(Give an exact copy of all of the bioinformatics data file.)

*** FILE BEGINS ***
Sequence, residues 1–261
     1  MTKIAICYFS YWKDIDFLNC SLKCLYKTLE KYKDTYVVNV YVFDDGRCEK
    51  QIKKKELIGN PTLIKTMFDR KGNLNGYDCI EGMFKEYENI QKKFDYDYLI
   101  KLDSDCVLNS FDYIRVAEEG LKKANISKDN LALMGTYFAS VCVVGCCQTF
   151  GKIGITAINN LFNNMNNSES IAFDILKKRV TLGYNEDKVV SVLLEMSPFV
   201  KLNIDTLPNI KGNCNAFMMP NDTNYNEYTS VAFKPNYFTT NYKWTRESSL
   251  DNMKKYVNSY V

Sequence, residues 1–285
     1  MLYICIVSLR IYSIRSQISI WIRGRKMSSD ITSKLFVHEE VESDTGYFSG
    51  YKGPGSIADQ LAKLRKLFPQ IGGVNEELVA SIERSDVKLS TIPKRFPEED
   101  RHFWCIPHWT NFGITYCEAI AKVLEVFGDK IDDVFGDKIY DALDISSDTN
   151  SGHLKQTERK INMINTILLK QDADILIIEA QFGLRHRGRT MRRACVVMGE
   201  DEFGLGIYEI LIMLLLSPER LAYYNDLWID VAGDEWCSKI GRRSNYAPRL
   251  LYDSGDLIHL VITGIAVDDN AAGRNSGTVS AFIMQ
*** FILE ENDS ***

Sequence, residues 1–261
     1  MTKIAICYFS YWKDIDFLNC SLKCLYKTLE KYKDTYVVNV YVFDDGRCEK
    51  QIKKKELIGN PTLIKTMFDR KGNLNGYDCI EGMFKEYENI QKKFDYDYLI
   101  KLDSDCVLNS FDYIRVAEEG LKKANISKDN LALMGTYFAS VCVVGCCQTF
   151  GKIGITAINN LFNNMNNSES IAFDILKKRV TLGYNEDKVV SVLLEMSPFV
   201  KLNIDTLPNI KGNCNAFMMP NDTNYNEYTS VAFKPNYFTT NYKWTRESSL
   251  DNMKKYVNSY V

Sequence, residues 1–285
     1  MLYICIVSLR IYSIRSQISI WIRGRKMSSD ITSKLFVHEE VESDTGYFSG
    51  YKGPGSIADQ LAKLRKLFPQ IGGVNEELVA SIERSDVKLS TIPKRFPEED
   101  RHFWCIPHWT NFGITYCEAI AKVLEVFGDK IDDVFGDKIY DALDISSDTN
   151  SGHLKQTERK INMINTILLK QDADILIIEA QFGLRHRGRT MRRACVVMGE
   201  DEFGLGIYEI LIMLLLSPER LAYYNDLWID VAGDEWCSKI GRRSNYAPRL
   251  LYDSGDLIHL VITGIAVDDN AAGRNSGTVS AFIMQ